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If I were still living in New Zealand, I would be horrified to see this plant, Clematis vitalba. It’s a British native that was introduced as a garden plant but it very quickly escaped into forest areas where, in the temperate climate, its vigorous growth quickly smothers native plants. Unsurprisingly, it has been outlawed and is listed on the National Pest Plant Accord.

160108 clematis vitalba old mans beard (1)

Here in Britain, though, I can enjoy the silky plumed seed heads that make such a pretty show at this time of year. It’s easy to see how they led to its common name of Old Man’s Beard, but this clematis has many other vernacular names, including traveller’s joy, virgin’s bower, ladies’ bower, love vine, and traveller’s ivy. In the south-east of England it is also known as Boy’s Bacca and Shepherd’s Delight because poorer country folk once used the dry stems as a tobacco substitute.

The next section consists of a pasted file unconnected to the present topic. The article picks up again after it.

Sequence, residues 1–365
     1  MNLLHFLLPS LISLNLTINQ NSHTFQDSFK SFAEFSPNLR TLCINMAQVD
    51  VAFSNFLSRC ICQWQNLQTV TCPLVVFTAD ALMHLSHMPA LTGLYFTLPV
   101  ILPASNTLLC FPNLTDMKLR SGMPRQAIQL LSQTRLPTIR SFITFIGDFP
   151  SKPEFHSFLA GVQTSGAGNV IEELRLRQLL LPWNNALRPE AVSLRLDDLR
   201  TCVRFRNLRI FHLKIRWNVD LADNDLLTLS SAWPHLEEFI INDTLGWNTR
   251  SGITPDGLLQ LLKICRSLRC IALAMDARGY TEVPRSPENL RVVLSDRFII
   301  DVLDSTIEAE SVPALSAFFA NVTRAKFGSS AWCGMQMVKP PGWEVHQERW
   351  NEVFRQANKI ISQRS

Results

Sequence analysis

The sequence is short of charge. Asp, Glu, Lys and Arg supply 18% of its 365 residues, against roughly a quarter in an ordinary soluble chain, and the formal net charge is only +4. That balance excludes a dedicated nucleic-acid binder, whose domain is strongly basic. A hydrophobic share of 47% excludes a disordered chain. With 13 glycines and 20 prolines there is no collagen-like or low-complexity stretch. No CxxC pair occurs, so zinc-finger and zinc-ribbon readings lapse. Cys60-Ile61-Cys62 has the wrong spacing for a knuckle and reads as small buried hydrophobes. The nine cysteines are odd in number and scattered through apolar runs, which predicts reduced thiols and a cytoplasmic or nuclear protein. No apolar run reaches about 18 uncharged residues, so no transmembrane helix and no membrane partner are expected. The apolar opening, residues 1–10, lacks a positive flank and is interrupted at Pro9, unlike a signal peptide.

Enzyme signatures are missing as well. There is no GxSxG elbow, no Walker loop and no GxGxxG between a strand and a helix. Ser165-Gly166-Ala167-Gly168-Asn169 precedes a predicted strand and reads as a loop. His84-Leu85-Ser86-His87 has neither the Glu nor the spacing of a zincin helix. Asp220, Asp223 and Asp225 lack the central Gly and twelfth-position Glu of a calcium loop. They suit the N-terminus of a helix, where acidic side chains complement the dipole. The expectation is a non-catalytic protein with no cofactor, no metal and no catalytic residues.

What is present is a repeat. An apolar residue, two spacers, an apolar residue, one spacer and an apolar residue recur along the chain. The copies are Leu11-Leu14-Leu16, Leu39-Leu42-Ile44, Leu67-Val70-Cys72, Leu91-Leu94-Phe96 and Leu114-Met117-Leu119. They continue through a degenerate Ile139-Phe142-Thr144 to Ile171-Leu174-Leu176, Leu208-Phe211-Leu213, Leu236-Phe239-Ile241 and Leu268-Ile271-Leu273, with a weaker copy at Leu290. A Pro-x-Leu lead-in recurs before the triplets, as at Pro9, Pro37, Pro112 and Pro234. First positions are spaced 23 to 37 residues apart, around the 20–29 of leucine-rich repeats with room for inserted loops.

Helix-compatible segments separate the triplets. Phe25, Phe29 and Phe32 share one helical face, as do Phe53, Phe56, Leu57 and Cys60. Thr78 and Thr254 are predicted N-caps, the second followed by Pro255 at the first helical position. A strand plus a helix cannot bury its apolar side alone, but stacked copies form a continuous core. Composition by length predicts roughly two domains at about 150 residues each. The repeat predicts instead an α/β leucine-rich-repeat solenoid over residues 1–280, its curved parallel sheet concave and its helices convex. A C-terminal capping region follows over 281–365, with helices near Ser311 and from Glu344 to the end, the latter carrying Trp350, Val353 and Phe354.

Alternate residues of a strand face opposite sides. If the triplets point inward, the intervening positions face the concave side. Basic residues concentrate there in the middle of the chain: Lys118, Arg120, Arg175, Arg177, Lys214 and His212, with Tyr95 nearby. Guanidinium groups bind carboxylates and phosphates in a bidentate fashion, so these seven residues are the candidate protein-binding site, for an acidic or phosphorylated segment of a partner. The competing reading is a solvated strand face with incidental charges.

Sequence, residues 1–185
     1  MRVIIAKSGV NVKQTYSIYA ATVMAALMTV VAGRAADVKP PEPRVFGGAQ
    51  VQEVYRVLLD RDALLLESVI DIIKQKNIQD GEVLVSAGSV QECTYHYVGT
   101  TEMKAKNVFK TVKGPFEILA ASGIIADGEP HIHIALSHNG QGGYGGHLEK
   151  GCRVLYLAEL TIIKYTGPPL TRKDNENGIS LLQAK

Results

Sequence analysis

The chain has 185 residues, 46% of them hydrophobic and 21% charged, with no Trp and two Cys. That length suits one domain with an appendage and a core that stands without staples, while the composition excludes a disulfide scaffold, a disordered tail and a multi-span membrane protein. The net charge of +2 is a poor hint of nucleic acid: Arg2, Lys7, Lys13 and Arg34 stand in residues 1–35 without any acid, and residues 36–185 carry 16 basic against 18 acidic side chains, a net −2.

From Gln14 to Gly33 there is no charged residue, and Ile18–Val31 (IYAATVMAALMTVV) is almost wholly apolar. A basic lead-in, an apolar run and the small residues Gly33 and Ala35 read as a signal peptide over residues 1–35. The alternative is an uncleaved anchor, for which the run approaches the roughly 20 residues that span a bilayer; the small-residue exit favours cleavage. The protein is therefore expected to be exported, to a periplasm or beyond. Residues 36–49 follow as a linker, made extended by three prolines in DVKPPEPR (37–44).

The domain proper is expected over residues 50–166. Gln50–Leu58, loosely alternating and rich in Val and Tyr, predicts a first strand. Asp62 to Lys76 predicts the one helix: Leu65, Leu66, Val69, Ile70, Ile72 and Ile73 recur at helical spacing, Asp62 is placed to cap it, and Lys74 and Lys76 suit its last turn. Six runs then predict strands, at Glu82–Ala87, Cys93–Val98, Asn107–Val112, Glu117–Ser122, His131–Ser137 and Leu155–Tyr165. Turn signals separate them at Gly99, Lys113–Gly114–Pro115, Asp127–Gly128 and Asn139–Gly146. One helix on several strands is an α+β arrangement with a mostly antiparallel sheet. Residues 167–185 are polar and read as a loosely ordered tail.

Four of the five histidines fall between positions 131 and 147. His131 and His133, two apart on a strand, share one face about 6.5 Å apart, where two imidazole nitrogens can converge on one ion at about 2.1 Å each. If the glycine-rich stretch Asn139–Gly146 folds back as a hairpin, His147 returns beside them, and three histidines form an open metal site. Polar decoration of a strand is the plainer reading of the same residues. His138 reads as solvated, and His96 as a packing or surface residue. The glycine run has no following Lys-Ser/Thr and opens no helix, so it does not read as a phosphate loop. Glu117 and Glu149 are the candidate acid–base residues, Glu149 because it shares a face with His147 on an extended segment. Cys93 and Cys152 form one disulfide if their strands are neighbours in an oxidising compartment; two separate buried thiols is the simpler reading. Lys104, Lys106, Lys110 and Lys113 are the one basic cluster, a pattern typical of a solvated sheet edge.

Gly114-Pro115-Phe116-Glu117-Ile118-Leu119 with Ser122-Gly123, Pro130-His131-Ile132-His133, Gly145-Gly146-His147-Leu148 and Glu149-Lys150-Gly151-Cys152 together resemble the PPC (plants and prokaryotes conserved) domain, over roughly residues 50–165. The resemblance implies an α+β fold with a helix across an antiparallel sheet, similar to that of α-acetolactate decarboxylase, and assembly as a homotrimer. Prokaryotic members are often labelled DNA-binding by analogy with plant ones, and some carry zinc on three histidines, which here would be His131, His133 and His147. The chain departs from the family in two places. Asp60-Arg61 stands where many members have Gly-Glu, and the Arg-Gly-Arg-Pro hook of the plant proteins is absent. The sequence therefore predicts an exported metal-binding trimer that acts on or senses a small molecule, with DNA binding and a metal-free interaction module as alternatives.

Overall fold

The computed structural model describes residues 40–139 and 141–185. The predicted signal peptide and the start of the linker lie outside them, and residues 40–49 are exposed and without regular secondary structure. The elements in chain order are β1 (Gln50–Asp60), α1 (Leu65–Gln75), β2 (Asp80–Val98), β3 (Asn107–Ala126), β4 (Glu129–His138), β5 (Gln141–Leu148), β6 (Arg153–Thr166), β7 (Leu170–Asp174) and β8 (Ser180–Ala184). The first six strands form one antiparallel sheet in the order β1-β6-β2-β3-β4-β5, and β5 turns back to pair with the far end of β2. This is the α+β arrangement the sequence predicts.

160108 clematis vitalba old mans beard (2)

In France, its common name is herbe aux gueux, the beggar’s herb because, in times past, beggars would make use of its toxic sap to purposefully irritate their skin in order to provoke sympathetic donations from passers by. All parts of this clematis are poisonous so look but don’t touch!

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